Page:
Week 8: Playtest at WLU

Week Eight was an exciting week for the team as we are officially marching into the second half of the semester!

This week, the team had the first playtest with the client at West Liberty University with fourth-grade students. There were several main goals for our playtest and the team hope that this could help our further iterations.

Program Usability

We gathered 13 fourth graders from West Liberty Elementary School to have the playtest with us. We kicked things off by equipping each student with a Chromebook pre-loaded with the program. To set the stage for creative exploration, we played the introduction video to set the scene. The excitement in the room was contagious – they were brimming with ideas for their puppet creations, eagerly discussing possibilities with their peers.

We also had a live demo of the program in order to show them the functions in the software. However, we noticed a dip in focus. This could be attributed to the rapid shift from the animation-rich intro video to a more technical presentation. To address this, we’ve decided to create a more comprehensive introductory video of the UI tutorial. This will not only maintain their initial enthusiasm but also ensure a smoother learning curve for the software. The new video will introduce the core functionalities in a clear and engaging manner, allowing them to grasp the design process intuitively before diving in.

Working in pairs, the students quickly dove into the program’s design interface. Their teamwork skills shone as they collaborated and creatively designed their puppets. It was evident that they were comfortable working together and enjoyed the collaborative aspect of the activity.

Student feedback proved invaluable in uncovering opportunities to enhance the software. We were happy to discover their comfort navigating the program’s interface. Even more exciting was their eagerness to see it evolve. A common thread emerged in their suggestions: a desire for more customization options. Adding accessories and a broader selection of 3D shapes were popular requests. These insights will be at the forefront of our team discussions as we move into our reach goal development.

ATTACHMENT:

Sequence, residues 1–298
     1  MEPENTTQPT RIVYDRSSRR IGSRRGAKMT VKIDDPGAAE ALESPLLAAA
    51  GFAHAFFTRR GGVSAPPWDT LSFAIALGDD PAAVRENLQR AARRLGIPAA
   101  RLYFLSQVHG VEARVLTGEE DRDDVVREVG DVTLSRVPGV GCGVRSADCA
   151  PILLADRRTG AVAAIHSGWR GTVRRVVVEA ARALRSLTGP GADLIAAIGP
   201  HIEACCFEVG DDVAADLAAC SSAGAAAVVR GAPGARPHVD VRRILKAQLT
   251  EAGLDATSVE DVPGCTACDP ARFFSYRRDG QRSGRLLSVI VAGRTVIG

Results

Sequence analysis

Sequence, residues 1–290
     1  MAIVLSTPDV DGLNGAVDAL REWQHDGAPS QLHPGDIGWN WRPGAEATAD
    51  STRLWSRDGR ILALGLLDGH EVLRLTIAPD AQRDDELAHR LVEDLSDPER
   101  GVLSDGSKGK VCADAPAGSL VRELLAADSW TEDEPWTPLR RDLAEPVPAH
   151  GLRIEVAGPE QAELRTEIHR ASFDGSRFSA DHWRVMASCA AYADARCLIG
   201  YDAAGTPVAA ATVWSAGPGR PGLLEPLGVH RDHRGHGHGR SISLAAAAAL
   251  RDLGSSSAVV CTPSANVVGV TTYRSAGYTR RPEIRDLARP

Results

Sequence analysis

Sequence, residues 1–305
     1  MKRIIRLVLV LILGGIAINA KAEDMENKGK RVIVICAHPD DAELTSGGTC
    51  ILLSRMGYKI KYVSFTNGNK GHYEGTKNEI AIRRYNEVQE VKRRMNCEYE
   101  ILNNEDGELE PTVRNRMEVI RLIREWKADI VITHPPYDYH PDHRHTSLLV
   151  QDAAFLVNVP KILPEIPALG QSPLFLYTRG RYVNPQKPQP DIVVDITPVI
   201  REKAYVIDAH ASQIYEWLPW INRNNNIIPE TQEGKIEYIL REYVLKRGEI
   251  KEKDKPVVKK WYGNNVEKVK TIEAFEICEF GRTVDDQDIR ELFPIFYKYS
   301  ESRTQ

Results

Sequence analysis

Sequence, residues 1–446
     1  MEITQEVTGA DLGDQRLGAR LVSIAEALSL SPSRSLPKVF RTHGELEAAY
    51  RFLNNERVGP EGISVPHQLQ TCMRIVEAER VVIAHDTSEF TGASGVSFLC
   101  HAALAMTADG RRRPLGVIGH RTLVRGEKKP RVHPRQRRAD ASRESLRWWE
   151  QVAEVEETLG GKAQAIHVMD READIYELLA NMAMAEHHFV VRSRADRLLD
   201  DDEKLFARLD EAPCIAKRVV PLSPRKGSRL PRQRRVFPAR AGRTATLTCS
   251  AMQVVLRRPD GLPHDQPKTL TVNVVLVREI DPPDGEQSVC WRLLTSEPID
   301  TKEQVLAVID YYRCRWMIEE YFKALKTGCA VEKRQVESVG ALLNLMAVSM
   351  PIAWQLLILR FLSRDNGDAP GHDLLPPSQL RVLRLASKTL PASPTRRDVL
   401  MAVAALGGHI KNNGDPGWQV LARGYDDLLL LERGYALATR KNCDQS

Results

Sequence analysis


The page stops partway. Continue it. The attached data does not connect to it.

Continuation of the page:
Challenge: Printing Phase

While our team circulated the room offering assistance, a recurring question emerged. Most student pairs finished their puppet designs and inquired about the next steps, particularly printing. Unfortunately, pre-playtest checks revealed an unexpected hurdle: the West Liberty Elementary Chromebooks couldn’t connect directly to the printer. This meant a detour from the ideal workflow – students would need to save their designs locally and then transfer them to a USB drive for printing, with our team assisting each pair with the download and transfer process.

While this situation presented a natural stopping point, as requested by our client, it still also caused some inconvenience. To streamline the process and manage expectations, we made two solutions:

  • Software UI Update: We will modify the program’s wording from “Print” to “Save,” accurately reflecting the action.
  • Informative Pop-up: We will implement a warning pop-up that explains the saving process and gently prompts students to seek instructor guidance for printing. This clear communication would prepare them for the next phase while ensuring their designs stayed safe.

This approach aimed to maintain clarity, manage expectations, and minimize the disruption caused by the printing limitations.

Instruction Worksheet

The program also incorporated instructional worksheets designed to guide students. Based on the feedback from our instructor meeting on Monday, we made a more detailed explanations to enhance understanding.

During the playtest, we presented the worksheet to the students’ math teacher, who teaches both fourth and fifth grades. She expressed enthusiasm for the design, particularly the integration of math problems involving proportion, division, and addition. She envisioned this creating a more implicit and enjoyable learning experience. The students echoed this, indicating they enjoyed working with math problems.

However, an interesting observation emerged. Once we closed the program and transitioned to the puppet creation phase, we noticed the students rarely referred back to the worksheets or engaged with the math problems. Their focus shifted towards the free-play aspect, where their creativity truly flourished in designing the puppets.

Student’s Engagement

The students’ dedication to their puppet creations was truly inspiring. Our team was happy to lend a hand when needed, assisting with shape building, folding, and other technical aspects. Recognizing potential problems in the assembly process, we are thinking of creating a comprehensive instructional video. This visual guide, encompassing everything from folding shapes to final assembly, would help students with a clear understanding, potentially reduce the need for printed instructions.

Witnessing the students’ enthusiasm for the program was a true joy. Their imaginations soared as they transformed their ideas into tangible puppet creations.

Next Steps

Next week is GDC week, most of our team will be heading for the conference. The team still made some milestones for the week and will keep working on the project.

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